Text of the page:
Avoiding Windows backslash problems with Python’s raw strings

I’m a Unix guy, but the participants in my Python classes overwhelmingly use Windows. Inevitably, when we get to talking about working with files in Python, someone will want to open a file using the complete path to the file.  And they’ll end up writing something like this:

filename = 'c:\abc\def\ghi.txt'

But when my students try to open the file, they discover that Python gives them an error, indicating that the file doesn’t exist!  In other words, they write:

for one_line in open(filename):    print(one_line)

What’s the problem?  This seems like pretty standard Python, no?

Remember that strings in Python normally contain characters. Those characters are normally printable, but there are times when you want to include a character that isn’t really printable, such as a newline.  In those cases, Python (like many programming languages) includes special codes that will insert the special character.

The best-known example is newline, aka ‘\n’, or ASCII 10. If you want to insert a newline into your Python string, then you can do so with ‘\n’ in the middle.  For example:

s = 'abc\ndef\nghi'

When we print the string, we’ll see:

>>> print(s)

abc

def

ghi

What if you want to print a literal ‘\n’ in your code? That is, you want a backslash, followed by an “n”?  Then you’ll need to double the backslash:The “\\” in a string will result in a single backslash character. The following “n” will then be normal. For example:

s = 'abc\\ndef\\nghi'

When we say:

>>> print(s)

abc\ndef\nghi

It’s pretty well known that you have to guard against this translation when you’re working with \n. But what other characters require it? It turns out, more than many people might expect:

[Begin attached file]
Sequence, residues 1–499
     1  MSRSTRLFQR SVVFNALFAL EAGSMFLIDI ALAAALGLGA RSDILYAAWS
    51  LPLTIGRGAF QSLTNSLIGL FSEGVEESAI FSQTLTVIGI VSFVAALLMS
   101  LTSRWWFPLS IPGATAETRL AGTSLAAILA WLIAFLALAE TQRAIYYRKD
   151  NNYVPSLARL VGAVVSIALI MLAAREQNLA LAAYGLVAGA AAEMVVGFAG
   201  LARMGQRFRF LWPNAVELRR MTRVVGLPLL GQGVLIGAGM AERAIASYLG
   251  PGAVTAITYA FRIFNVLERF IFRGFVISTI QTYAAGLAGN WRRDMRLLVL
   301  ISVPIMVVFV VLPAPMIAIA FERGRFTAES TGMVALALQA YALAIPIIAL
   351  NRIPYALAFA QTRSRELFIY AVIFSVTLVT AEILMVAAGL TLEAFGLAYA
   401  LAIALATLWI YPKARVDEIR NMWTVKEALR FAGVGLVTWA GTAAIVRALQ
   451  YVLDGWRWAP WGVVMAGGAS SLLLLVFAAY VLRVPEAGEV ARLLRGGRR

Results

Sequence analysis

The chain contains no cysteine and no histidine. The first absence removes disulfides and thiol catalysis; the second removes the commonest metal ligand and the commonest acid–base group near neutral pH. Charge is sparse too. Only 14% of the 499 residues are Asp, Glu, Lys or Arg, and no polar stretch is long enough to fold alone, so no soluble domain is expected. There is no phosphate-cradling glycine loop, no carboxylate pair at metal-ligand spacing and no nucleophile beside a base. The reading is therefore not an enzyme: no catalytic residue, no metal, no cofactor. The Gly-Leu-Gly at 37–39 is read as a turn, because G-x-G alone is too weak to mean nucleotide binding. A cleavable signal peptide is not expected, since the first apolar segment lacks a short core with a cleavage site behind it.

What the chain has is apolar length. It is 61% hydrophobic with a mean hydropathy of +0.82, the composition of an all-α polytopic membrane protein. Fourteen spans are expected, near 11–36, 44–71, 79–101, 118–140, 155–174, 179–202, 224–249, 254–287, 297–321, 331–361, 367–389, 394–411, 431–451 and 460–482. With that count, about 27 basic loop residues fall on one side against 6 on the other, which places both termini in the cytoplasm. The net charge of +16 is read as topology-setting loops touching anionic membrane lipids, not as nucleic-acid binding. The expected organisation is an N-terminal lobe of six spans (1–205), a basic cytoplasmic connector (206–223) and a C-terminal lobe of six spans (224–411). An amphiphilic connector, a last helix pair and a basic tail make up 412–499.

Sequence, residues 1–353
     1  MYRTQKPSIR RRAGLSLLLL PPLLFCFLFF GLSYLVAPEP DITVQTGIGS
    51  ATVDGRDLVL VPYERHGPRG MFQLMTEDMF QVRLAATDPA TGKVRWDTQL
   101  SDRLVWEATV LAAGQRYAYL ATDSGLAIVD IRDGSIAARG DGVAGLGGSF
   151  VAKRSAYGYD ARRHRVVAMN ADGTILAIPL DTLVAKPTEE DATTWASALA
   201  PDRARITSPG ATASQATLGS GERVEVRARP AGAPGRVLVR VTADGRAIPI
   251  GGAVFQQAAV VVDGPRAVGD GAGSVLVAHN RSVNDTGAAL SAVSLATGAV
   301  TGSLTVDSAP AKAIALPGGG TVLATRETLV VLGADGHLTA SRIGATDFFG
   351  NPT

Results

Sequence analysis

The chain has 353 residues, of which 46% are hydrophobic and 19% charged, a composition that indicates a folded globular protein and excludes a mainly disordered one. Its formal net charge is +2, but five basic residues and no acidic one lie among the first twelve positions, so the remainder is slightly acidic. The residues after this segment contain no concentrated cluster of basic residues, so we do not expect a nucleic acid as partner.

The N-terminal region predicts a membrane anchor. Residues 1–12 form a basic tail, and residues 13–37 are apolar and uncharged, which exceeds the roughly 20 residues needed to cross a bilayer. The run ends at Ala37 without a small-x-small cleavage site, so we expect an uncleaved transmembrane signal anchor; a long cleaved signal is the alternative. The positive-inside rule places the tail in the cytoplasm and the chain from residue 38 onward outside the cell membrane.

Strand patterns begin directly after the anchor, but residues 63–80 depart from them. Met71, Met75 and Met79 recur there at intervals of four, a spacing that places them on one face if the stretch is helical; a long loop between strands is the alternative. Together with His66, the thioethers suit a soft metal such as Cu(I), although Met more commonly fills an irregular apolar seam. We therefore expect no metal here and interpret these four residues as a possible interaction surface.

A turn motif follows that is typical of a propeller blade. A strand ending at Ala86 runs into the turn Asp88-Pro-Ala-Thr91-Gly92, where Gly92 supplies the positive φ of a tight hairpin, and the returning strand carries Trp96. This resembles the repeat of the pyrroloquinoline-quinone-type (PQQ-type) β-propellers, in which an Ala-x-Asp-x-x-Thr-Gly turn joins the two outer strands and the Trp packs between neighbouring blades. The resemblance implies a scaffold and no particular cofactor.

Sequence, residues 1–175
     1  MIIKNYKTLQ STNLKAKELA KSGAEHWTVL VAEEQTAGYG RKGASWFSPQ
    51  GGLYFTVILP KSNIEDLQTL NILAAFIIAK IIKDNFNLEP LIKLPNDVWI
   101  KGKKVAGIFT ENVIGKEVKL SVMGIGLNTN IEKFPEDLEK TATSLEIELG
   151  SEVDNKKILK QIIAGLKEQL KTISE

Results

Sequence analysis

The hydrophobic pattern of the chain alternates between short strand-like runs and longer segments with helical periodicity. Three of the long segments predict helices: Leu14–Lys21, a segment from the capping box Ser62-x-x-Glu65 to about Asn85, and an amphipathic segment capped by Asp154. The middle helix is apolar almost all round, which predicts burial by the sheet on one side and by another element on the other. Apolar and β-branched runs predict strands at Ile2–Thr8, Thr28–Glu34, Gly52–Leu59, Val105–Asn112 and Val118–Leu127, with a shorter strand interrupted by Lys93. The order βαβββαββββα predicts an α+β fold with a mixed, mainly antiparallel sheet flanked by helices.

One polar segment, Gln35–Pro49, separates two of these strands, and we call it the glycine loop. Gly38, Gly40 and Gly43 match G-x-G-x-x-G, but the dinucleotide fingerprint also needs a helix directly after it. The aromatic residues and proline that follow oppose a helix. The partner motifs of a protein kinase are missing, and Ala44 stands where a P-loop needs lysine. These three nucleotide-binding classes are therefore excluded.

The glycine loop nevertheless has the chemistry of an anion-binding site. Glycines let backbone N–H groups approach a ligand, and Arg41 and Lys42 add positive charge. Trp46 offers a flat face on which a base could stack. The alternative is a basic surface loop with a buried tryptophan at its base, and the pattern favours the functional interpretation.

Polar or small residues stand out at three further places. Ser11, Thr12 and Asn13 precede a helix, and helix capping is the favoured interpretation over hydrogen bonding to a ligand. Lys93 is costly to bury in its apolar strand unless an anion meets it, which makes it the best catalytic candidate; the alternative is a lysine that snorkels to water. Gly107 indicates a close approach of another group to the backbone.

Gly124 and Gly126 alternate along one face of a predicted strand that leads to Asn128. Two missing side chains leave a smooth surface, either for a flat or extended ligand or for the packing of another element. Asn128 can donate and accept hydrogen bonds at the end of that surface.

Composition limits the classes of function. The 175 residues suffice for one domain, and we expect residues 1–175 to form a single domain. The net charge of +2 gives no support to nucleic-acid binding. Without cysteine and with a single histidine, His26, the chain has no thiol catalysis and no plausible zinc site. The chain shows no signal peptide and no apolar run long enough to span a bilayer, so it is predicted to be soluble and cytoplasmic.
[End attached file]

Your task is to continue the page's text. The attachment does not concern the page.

• \a — alarm bell (ASCII 7)
  • \b — backspace (ASCII
  • \f — form feed
  • \n — newline
  • \r — carriage return
  • \t — tab
  • \v — vertical tab
  • \ooo —  character with octal value ooo
  • \xhh — character with hex value hh
  • \N{name} — Unicode character {name}
  • \uxxxx — Unicode character with 16-bit hex value xxxx
  • \Uxxxxxxxx — Unicode character with 32-bit hex value xxxxxxxx

In my experience, you’re extremely unlikely to use some of these on purpose. I mean, when was the last time you needed to use a form feed character? Or a vertical tab?  I know — it was roughly the same day that you drove your dinosaur to work, after digging a well in your backyard for drinking water.

But nearly every time I teach Python — which is, every day — someone in my class bumps up against one of these characters by mistake. That’s because the combination of the backslashes used by these characters and the backslashes used in Windows paths makes for inevitable, and frustrating, bugs.

Remember that path I mentioned at the top of the blog post, which seems so innocent?

filename = 'c:\abc\def\ghi.txt'

It contains a “\a” character. Which means that when we print it:

>>> print(filename)
c:bc\def\ghi.txt

See? The “\a” is gone, replaced by an alarm bell character. If you’re lucky.

So, what can we do about this? Double the backslashes, of course. You only need to double those that would be turned into special characters, from the table I’ve reproduced above: But come on, are you really likely to remember that “\f” is special, but “\g” is not?  Probably not.

So my general rule, and what I tell my students, is that they should always double the backslashes in their Windows paths. In other words:

>>> filename = 'c:\\abc\\def\\ghi.txt'

>>> print(filename)
c:\abc\def\ghi.txt

It works!

But wait: No one wants to really wade through their pathnames, doubling every backslash, do they?  Of course not.

That’s where Python’s raw strings can help. I think of raw strings in two different ways:

  • what-you-see-is-what-you-get strings
  • automatically doubled backslashes in strings

Either way, the effect is the same: All of the backslashes are doubled, so all of these pesky and weird special characters go away.  Which is great when you’re working with Windows paths.

All you need to do is put an “r” before the opening quotes (single or double):

>>> filename = r'c:\abc\def\ghi.txt'